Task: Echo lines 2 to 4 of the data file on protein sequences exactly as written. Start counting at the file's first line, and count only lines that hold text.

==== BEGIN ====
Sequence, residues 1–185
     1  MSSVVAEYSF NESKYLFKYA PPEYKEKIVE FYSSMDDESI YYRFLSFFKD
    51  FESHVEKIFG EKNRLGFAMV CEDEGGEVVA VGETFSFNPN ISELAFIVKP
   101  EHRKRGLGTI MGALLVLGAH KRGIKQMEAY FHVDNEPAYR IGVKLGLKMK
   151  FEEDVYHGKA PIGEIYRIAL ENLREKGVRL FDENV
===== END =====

     1  MSSVVAEYSF NESKYLFKYA PPEYKEKIVE FYSSMDDESI YYRFLSFFKD
    51  FESHVEKIFG EKNRLGFAMV CEDEGGEVVA VGETFSFNPN ISELAFIVKP
   101  EHRKRGLGTI MGALLVLGAH KRGIKQMEAY FHVDNEPAYR IGVKLGLKMK